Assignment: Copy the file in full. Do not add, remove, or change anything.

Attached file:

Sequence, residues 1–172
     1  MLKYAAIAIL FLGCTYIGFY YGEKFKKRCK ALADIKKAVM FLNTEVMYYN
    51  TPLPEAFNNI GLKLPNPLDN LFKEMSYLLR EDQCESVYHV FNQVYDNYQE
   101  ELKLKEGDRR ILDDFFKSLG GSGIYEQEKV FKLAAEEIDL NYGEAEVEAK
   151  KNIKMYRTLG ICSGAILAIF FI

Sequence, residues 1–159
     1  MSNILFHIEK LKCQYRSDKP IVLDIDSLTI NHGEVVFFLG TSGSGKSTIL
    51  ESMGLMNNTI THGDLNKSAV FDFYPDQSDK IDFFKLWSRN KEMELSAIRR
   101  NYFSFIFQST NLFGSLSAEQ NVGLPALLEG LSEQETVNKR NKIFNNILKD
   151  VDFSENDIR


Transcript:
Sequence, residues 1–172
     1  MLKYAAIAIL FLGCTYIGFY YGEKFKKRCK ALADIKKAVM FLNTEVMYYN
    51  TPLPEAFNNI GLKLPNPLDN LFKEMSYLLR EDQCESVYHV FNQVYDNYQE
   101  ELKLKEGDRR ILDDFFKSLG GSGIYEQEKV FKLAAEEIDL NYGEAEVEAK
   151  KNIKMYRTLG ICSGAILAIF FI

Sequence, residues 1–159
     1  MSNILFHIEK LKCQYRSDKP IVLDIDSLTI NHGEVVFFLG TSGSGKSTIL
    51  ESMGLMNNTI THGDLNKSAV FDFYPDQSDK IDFFKLWSRN KEMELSAIRR
   101  NYFSFIFQST NLFGSLSAEQ NVGLPALLEG LSEQETVNKR NKIFNNILKD
   151  VDFSENDIR